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Tuesday, 19 March, 2002, 11:27 GMT
UK unveils massive canal revamp
Falkirk Wheel   British Waterways
The new face of the UK's canals: The world's first rotating boat lift, at Falkirk
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By Alex Kirby
BBC News Online environment correspondent
line

A 500m revamp of Britain's ageing canal network has been unveiled.

The two-stage scheme by British Waterways will restore or build over 300 miles (480 kilometres) of canals and waterways.


Waterways are still catalysts and millions are benefiting in communities throughout the UK

George Greener
British Waterways
Many experts believe a new age of the canal is dawning in the UK with narrowboat holidays increasingly popular and more people choosing to live in houseboats.

It has been estimated there are between 20,000 and 25,000 boats on the British Waterways network and a similar number on the River Thames.

The first phase, to open some 220 miles (350 km) of canals and structures, will be completed in 2002 and includes the Anderton Boat Lift.

Digging again

The pioneering lift was built in 1875 to carry cargo-carrying boats between the River Weaver and the Trent and Mersey Canal 50 feet (15 metres) above. It will reopen on 26 March.

Anderton boat lift   British Waterways
The Anderton boat lift, a world first
The 115-ft- (35-m-) high Falkirk Wheel in Scotland is the world's first rotating boat lift and will open on 1 May.

A programme of nine further canal restoration and new waterway schemes is being announced by British Waterways in partnership with an independent charity, the Waterways Trust.

Covering 100 miles (160 km) of waterways, from London to the Lake District, the programme includes the first new canal to be designed for a century, the Bedford and Milton Keynes Waterway.

Renaissance

It will run for 20 miles (32 km), and is expected to create 500 new permanent jobs.

George Greener, chairman of British Waterways, said: "Canals were catalysts for economic growth two centuries ago, and with our partners we're restoring and opening them as fast as they were originally built.

People feeding swans in canal   British Waterways
Canals offer tranquillity
"Today, waterways are still catalysts and millions are benefiting in communities throughout the UK.

"Our current programme is set to deliver 100 million into local economies every year, from Scotland to the south of England, and to create 13,000 new permanent jobs."

Roger Hanbury, chief executive of the Waterways Trust, said: "Accessible to all, rich in heritage and important havens for wildlife, inland waterways provide a peaceful and tranquil environment for everyone."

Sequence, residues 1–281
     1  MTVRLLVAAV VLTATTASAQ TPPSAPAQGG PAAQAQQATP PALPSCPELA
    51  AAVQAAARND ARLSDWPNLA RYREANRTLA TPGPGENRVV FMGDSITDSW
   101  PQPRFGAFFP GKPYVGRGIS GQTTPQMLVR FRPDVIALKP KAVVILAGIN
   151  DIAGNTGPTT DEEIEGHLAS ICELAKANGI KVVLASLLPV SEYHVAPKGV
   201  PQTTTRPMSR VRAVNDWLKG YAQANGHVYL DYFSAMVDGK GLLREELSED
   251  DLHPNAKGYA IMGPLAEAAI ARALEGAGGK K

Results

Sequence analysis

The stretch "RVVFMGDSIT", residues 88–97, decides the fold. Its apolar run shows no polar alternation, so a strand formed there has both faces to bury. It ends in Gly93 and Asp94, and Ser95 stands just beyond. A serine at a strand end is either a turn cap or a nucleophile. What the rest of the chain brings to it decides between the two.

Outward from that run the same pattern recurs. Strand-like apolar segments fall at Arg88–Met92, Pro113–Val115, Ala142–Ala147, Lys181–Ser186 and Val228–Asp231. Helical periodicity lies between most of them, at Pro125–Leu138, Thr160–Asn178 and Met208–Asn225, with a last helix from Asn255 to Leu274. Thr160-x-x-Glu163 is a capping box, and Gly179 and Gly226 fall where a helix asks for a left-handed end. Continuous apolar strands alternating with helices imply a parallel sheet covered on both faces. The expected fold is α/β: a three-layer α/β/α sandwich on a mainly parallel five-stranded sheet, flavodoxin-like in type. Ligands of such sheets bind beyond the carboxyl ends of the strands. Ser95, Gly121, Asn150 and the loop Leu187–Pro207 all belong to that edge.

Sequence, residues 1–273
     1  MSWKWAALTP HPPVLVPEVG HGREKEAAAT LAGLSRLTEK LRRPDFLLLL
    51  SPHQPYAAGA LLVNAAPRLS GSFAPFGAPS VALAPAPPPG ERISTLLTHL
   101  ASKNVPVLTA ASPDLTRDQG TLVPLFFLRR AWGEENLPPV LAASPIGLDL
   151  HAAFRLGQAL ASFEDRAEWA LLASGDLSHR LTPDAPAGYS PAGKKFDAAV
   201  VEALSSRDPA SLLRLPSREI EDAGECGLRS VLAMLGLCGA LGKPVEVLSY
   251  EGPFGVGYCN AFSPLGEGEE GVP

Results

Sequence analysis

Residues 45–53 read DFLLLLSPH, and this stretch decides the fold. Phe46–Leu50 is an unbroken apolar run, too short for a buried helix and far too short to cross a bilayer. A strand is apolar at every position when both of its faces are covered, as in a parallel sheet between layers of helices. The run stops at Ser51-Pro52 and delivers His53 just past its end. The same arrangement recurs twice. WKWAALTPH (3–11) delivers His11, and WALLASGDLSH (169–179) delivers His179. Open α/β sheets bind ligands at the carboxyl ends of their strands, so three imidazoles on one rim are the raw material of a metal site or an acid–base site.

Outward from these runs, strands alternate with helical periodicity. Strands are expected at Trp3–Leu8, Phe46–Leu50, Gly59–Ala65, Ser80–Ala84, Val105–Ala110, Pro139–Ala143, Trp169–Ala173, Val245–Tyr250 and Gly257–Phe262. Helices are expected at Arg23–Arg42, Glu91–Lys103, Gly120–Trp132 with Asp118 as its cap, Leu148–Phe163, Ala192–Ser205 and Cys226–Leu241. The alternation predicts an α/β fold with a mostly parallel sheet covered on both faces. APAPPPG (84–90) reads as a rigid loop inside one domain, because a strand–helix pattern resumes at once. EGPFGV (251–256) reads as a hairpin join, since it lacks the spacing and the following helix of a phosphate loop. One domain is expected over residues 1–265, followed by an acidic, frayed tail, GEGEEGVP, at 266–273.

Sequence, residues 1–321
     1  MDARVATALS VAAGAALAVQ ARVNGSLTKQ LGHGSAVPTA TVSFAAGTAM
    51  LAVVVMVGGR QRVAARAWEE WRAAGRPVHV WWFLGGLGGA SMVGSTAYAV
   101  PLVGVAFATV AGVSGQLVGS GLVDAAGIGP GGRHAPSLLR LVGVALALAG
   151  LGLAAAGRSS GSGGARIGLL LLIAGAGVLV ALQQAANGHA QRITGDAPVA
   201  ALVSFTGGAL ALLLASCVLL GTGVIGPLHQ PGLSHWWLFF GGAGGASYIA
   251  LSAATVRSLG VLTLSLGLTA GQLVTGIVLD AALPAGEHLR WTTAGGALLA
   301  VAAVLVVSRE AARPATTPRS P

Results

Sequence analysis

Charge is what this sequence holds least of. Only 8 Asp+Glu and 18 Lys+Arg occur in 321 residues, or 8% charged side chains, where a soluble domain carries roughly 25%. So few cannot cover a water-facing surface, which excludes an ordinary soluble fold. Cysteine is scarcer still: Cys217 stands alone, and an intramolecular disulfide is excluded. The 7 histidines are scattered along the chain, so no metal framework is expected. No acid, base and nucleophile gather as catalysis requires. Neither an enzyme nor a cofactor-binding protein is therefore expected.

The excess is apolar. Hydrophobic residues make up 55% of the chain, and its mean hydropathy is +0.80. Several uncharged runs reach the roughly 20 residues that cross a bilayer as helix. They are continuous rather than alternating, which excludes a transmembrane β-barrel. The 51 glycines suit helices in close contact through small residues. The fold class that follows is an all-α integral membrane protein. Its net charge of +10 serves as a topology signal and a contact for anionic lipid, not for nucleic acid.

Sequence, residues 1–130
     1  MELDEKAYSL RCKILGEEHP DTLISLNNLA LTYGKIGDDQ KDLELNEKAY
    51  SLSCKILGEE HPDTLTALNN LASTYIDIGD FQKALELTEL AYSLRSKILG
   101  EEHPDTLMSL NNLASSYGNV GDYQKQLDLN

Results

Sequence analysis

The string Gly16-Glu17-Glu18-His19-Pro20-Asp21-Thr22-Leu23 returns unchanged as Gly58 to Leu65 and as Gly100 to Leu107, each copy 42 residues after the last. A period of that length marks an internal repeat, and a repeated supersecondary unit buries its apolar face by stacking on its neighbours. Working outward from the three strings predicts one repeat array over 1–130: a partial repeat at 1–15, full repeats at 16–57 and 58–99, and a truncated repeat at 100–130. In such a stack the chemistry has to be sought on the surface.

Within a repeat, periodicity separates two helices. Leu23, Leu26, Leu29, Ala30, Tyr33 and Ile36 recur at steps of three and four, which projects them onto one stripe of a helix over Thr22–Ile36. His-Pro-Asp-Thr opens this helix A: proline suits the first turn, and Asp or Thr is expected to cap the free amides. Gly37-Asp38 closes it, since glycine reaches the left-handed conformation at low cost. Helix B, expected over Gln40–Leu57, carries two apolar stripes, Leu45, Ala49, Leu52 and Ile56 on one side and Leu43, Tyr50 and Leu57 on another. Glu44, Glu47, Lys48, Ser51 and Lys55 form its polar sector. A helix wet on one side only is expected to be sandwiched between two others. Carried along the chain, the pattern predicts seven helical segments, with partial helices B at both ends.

The other current restorations are:

  • Chesterfield Canal

  • Huddersfield Narrow Canal. This involved reopening the Standedge Tunnel - the UK's longest, highest and deepest canal tunnel

  • Kennet and Avon Canal.

  • The Millennium Link reconnecting the Forth & Clyde and Union canals between Glasgow and Edinburgh and coast-to-coast across Scotland.

  • Rochdale Canal

    The nine new building and restoration projects are:

  • Bedford and Milton Keynes Waterway

  • Bow Back Rivers, a network of tributaries of the River Lee navigation in east London

  • Cotswold Canals

  • Droitwich Canals

  • Foxton Inclined Plane, on the Leicester Line of the Grand Union Canal

  • Liverpool Extension to the Leeds and Liverpool Canal, which will link the national network to the port's spectacular waterfront

  • Manchester, Bolton and Bury Canal

  • Montgomery Canal, an internationally important habitat for floating water plantain

  • The northern reaches of the Lancaster Canal

    Sapperton Tunnel   British Waterways
    Sapperton tunnel will reopen
    Kate Griffin of British Waterways told BBC News Online: "Today is about re-inventing our canals. They're important for hundreds of thousands of people.

    "We already have 10 million visitors every year, and move 3.5 million tonnes of freight about the country. This is the canals' renaissance."

    Images courtesy of British Waterways

  •  WATCH/LISTEN
     ON THIS STORY
    The BBC's Tom Heap
    "Canals are fashionable again"
    Ailsa Raeburn of British Waterways
    "We are announcing a series of eight projects"
    See also:

    30 Jan 02 | England
    Homes clear way for boats
    26 May 01 | Scotland
    Canal re-opens after 40 years
    21 Jul 99 | Sci/Tech
    Canals making a comeback
    01 Oct 01 | England
    Canal project makes web splash
    25 Aug 01 | Scotland
    Waterway re-opens after 30 years
    07 Dec 00 | Sci/Tech
    Canal age dawns anew in UK
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